As part of a worldwide effort to stop multinational firms from avoiding taxes by shifting profits to countries with low rates, 130 countries have agreed on a global minimum tax backed by US President Joe Biden.
It addresses challenges presented by a globalized, increasingly digital world economy in which profits can be relocated across borders and companies can earn profits online in places with no taxable headquarters.
Biden hopes to raise more revenue for his infrastructure and clean energy plans by pushing for a global minimum tax of at least 15%. There are still technical details to be worked out, and the agreement would not take effect until at least 2023.
The Paris-based Organisation for Economic Cooperation and Development has also agreed to tax a portion of the profits of the world’s largest companies in countries where they do business online but have no physical presence.
“The most important international tax accord in a century,” said French Finance Minister Bruno Le Maire.
The French-led countries have already begun imposing unilateral digital taxes aimed at US tech giants like Amazon, Google, and Facebook; under the agreement, they would withdraw those taxes, which the US considers unfair trade practices, in favor of the global approach.
In response to France’s tax on tech giants, former US President Donald Trump imposed retaliatory tariffs, and France welcomed the Biden administration’s efforts to reach a global accord.
“Online giants must pay their fair share of taxes where they operate,” he said. US Treasury Secretary Janet Yellen said it a “historic day.” “A small or medium business should not pay more taxes than an online giant because it is physically present in the country where it operates.”
“For decades, the United States has engaged in a self-defeating international tax competition, lowering our corporate tax rates only to watch other nations slash theirs in response,” she said in a statement. There was a global race to the bottom: Who could lower their corporate rate the fastest and the further?” Yellen told lower rates deprived countries of money for infrastructure, education, and efforts to combat the pandemic.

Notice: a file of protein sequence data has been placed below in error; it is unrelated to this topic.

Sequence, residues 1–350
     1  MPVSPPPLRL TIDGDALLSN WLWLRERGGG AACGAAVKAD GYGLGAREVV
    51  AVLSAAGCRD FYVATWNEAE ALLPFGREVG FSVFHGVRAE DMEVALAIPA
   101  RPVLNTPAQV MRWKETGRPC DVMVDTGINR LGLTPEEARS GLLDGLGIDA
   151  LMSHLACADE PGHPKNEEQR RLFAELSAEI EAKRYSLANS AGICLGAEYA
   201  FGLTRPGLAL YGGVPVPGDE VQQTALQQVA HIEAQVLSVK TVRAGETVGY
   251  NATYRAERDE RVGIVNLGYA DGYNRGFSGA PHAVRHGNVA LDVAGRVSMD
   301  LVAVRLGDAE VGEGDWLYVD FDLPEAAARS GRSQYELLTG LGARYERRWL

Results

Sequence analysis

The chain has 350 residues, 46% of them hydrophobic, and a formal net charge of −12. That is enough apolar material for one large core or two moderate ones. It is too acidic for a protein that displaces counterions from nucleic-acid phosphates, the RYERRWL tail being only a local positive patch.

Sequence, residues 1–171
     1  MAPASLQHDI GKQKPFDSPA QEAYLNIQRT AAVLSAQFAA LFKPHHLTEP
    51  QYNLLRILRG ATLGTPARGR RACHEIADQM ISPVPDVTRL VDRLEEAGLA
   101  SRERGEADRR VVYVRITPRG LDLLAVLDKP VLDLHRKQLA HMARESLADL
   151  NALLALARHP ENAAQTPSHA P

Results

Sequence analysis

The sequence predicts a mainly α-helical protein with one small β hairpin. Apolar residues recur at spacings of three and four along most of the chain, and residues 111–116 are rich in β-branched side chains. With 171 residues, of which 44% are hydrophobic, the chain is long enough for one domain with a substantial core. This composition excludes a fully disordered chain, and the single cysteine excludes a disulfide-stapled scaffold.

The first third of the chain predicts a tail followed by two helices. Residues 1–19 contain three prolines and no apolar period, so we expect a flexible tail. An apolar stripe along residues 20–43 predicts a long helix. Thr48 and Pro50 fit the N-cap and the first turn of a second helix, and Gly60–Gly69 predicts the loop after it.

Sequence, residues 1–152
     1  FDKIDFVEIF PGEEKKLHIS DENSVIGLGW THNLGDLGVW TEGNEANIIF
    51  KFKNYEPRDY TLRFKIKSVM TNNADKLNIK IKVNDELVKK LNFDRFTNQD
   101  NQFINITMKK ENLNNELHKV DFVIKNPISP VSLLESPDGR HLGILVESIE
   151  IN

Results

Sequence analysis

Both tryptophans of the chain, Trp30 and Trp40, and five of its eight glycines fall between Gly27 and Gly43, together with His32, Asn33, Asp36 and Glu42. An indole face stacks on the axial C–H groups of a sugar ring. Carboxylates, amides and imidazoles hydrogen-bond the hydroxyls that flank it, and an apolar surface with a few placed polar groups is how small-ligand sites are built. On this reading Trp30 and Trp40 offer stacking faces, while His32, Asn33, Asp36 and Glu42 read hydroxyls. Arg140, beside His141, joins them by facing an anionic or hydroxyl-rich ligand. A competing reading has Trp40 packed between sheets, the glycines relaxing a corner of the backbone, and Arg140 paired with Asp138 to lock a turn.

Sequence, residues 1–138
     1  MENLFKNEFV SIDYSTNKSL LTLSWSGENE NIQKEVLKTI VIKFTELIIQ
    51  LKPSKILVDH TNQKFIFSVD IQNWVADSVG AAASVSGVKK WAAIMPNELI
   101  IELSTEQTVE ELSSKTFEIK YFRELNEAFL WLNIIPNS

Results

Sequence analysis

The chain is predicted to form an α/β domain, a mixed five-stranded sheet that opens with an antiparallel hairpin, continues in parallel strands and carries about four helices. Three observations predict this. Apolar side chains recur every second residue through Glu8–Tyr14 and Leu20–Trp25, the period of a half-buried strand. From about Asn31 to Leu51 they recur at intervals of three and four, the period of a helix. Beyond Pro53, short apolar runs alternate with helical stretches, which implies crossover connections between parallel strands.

Despite the technical complexities, Manal Corwin, a tax principal at professional services firm KPMG and a former Treasury Department official, said the deal brought together “the big pieces” of a comprehensive agreement.
The proposal approved by the conference was “pretty much what the US proposal was,” noting that it was “critical” for the US to obtain a commitment from other countries to end their unilateral digital taxes.
The agreement allows countries to tax foreign earnings of their companies up to 15% if they are untaxed through subsidiaries in other countries. It would remove the incentive to use accounting and legal schemes to shift profits to low-tax nations where they do little or no business since the gains would be taxed at home anyway.
According to the OECD, such tax avoidance practices cost countries between $100 billion and $240 billion per year.
The 139 countries that took part in the talks did not all sign on to the deal. The finance ministry said it had “broad support” for the approach used in the agreement but could not agree to the 15% minimum. Paschal Donohoe, Ireland’s finance minister, said the country’s 12.5% rate is a “fair rate.” Ireland said from now on it would “constructively engage” in discussions.
Economic experts consider Bermuda and the Cayman Islands tax havens, as well as China and India, to be significant economic powers.
Next week, the G-20 finance ministers will meet in Venice, ahead of the final G-20 summit of country leaders in October.
Taxing companies with revenue but no physical presence would require countries to sign up for a multilateral convention, while each government could adopt the minimum corporate tax through national legislation.
Tax experts say that a voluntary approach could work if adopted by countries where many multinationals have their headquarters, such as the US and in Europe, by making clear to companies that even if they avoid tax by moving profits to overseas subsidiaries, those profits will be taxed at home up to the minimum.
As a means of discouraging companies from shifting profits to tax havens, Biden has proposed a 21% minimum tax rate on overseas earnings of US companies. First, Biden’s US tax must pass Congress, where the Democratic president has a narrow majority.